Frustrated with my bermuda

Discussion in 'Homeowner Assistance Forum' started by Jericho574, May 19, 2017.

  1. Jericho574

    Jericho574 LawnSite Member
    Messages: 4

    I bought a new home a little over a year ago and the lawn is your standard common bermuda. The total square footage of front/back/side is probably 2.5-3k, but I'm only concerned with the front and back (~2k total max) because the houses are close enough that the sides just don't get enough sun.

    I have a manual reel (American 7-blade) that I keep sharp. I mow 2-3 times per week @ 1.25" (would love to go lower but need to level the bumpy lawn first). I installed an irrigation system last year and water deep and infrequently.

    I have a lawn service for fertilizer, although I'm about to stop that and go off on my own. The lawn was last aerated and fertilized (28-0-3) about 3 weeks ago.

    I mow low and often. You cannot find a weed. I water deep and infrequent. As a last resort I even applied some liquid iron last week (I went a little heavy) yet the color and density are both light. I'm not sure what to do. I'm doing everything, what I read, to be correct yet my grass is light green and thin while all my neighbors, who do everything "wrong" (i.e. mowing at 3-4", watering 15 mins every day...at night, 10-10-10, or 46-0-0 every couple days) have a much fuller, darker lawn. I know that longer heights typically yield dark colors but the difference is shocking. The fact that the liquid iron did absolutely nothing for the color is alarming.

    I have a neighbor who recently leveled his lawn and threw out a gargantuan amount of fertilizer. Lawn is the deepest color green. He went and bought a used reel and took it down from 3" down to 1.5" overnight and it's still dark and lush.

    I always read about how indestructible and invasive bermuda is yet I'm not seeing any of this. Any thoughts???
     
  2. greendoctor

    greendoctor LawnSite Fanatic
    Messages: 9,975

    One possible cause is soil that is too acid or too alkaline. Non response to standard rates of fertilizer suggest that. That is why I utilize soil testing. Especially in cases where grass does not respond to 46-0-0 or 10-10-10. Get it tested and post the results.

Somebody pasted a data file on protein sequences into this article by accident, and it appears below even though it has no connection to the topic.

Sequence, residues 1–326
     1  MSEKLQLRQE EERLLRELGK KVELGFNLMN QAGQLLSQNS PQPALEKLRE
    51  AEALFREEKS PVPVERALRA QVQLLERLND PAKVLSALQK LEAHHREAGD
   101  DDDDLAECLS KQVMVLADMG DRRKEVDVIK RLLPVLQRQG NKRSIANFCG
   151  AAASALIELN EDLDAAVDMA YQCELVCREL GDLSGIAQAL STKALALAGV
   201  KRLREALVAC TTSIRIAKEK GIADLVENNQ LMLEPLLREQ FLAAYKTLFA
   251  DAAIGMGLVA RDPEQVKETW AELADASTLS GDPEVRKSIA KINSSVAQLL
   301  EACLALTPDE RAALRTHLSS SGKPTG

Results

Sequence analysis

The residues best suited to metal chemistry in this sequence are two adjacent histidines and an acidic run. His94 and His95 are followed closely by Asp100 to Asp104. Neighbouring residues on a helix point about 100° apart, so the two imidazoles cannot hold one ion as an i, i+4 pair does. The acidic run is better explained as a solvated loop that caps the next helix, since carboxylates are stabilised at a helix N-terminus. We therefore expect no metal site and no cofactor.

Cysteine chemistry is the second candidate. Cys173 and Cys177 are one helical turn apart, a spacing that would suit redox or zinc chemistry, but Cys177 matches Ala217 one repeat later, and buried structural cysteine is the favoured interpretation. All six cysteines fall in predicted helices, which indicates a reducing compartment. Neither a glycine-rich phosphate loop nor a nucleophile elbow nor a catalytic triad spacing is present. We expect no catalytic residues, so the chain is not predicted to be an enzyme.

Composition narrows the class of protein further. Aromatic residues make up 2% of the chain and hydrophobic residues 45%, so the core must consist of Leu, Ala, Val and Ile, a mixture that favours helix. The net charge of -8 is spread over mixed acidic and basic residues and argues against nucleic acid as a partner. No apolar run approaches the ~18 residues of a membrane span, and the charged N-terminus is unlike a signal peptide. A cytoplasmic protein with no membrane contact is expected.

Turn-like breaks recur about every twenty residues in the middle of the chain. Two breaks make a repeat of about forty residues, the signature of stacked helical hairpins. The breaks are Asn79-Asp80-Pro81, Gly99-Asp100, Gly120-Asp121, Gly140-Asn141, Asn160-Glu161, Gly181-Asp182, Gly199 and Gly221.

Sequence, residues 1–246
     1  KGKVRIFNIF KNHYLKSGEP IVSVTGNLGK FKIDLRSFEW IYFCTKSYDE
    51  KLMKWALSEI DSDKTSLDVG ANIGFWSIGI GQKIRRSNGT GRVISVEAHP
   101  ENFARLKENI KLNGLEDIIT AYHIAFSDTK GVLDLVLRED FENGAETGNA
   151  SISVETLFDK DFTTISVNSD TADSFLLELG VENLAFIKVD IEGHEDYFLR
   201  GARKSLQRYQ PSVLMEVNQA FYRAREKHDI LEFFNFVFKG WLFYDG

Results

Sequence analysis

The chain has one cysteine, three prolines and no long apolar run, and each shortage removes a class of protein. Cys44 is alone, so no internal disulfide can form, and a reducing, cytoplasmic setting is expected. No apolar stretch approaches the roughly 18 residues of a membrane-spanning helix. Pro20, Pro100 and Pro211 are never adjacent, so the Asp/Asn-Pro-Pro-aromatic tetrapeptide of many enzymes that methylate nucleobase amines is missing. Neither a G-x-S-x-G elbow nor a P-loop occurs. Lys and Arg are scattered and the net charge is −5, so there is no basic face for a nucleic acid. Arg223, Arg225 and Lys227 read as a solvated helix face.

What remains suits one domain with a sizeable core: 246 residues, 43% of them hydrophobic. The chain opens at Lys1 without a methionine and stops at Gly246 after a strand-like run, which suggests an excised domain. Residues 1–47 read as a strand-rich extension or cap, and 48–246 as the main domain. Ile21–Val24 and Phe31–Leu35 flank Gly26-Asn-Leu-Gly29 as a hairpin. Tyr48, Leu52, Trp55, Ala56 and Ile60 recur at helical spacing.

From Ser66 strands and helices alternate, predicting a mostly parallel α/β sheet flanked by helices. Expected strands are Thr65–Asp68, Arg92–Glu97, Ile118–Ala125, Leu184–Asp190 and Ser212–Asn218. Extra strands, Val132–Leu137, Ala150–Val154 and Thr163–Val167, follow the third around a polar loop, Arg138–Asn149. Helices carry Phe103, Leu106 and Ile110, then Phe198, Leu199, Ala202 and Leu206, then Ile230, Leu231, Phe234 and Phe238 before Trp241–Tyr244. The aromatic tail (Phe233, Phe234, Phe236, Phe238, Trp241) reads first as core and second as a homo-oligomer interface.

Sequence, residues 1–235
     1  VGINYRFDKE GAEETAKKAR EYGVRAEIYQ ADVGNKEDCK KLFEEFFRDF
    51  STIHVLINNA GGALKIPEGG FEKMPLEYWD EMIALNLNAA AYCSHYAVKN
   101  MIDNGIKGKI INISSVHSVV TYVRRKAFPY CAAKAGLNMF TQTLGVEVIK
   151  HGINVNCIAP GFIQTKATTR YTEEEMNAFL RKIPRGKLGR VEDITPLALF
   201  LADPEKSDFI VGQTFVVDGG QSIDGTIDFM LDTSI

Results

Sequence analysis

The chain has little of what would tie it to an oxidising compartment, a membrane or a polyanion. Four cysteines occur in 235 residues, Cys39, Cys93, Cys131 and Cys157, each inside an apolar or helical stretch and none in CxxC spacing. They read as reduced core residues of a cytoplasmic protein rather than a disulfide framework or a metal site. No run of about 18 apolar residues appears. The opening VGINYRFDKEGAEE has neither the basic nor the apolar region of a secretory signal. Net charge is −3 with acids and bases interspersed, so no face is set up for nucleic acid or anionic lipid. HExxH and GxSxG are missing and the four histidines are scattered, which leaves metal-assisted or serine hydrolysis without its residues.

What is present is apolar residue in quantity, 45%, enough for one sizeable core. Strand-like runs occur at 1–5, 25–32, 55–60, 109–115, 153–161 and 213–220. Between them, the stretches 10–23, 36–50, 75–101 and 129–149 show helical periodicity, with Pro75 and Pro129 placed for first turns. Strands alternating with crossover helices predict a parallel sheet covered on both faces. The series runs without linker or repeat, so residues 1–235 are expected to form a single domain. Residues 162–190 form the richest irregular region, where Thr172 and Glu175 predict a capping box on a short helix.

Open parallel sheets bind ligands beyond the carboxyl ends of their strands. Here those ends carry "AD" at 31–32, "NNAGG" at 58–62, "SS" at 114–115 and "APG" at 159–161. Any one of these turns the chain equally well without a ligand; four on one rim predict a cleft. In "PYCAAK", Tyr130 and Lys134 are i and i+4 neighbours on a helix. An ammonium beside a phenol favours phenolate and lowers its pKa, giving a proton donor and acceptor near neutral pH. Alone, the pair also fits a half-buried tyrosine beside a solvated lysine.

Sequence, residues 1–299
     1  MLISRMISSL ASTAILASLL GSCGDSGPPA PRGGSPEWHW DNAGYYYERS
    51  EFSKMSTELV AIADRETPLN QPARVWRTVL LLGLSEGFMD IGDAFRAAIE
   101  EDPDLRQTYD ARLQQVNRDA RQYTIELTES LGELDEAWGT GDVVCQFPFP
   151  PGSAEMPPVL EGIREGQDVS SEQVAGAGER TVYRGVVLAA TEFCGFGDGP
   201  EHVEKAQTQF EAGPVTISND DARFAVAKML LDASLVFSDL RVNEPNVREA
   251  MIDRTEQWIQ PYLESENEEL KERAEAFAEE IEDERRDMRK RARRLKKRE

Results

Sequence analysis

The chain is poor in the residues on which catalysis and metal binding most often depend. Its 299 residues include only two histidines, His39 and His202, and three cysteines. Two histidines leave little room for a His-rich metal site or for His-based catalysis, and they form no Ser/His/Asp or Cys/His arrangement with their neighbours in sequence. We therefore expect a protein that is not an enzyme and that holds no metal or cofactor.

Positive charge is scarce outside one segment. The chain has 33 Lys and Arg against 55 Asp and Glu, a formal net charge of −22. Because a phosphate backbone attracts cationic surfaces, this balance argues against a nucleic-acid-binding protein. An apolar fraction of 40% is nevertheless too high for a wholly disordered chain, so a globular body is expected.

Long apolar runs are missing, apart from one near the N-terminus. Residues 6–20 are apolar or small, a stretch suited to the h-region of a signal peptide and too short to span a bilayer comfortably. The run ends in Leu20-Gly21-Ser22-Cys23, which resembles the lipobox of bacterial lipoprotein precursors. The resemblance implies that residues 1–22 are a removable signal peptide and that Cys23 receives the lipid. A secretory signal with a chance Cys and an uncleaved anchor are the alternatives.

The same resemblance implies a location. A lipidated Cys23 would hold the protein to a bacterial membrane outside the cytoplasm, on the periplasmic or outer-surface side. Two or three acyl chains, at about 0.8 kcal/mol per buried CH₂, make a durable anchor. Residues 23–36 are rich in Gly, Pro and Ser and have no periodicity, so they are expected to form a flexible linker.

TerraCade likes this.
  3. Jericho574

    Jericho574 LawnSite Member
    Messages: 4

    I meant that my neighbors are making crazy "mistakes". One is putting down 46-0-0 literally every couple of days while watering frequently, lightly, and at night, another throws down a bag of 10-10-10 and never waters. Both of their lawns are so thick, green, and soft (all of our lawns were sodded at the same time within 10 houses of each other in distance). My is lighter, thinner, and harder (you wouldn't want to walk barefoot).

    So it sounds like soil testing would be my best bet?
     
    TerraCade likes this.
  4. greendoctor

    greendoctor LawnSite Fanatic
    Messages: 9,975

    Yes. I remember one of my customers describing how they would put down a double or triple rate of lawn fertilizer containing slow release 46-0-0. Grass would be green for a week or so and then down it went. What turned the grass green and kept it that way was my going in there and fixing a problem with their soil pH. Bermuda can survive at a pH of 8. However, I make no guarantees about what the grass will look like. I had to apply a lot of sulfur, citric acid, phosphoric acid and ammonium sulfate to correct the soil. Conversely, I remember the opposite case. One customer inherited a lawn from a previous owner who fertilized like crazy. Grass was green while he did it. They did not keep up his program. Problem there was a soil pH of 5.5. Ideal soil pH for Bermuda to me is between 6-7. Anything above or below that will cause problems with how the grass looks and how hard it is to maintain. Do not listen to people who tell you that soil pH does not matter. They can afford to spend a lot of money and do a lot of hard work. I as a lawn care professional and you as a homeowner have neither. Fix the actual problem and enjoy the results.
     

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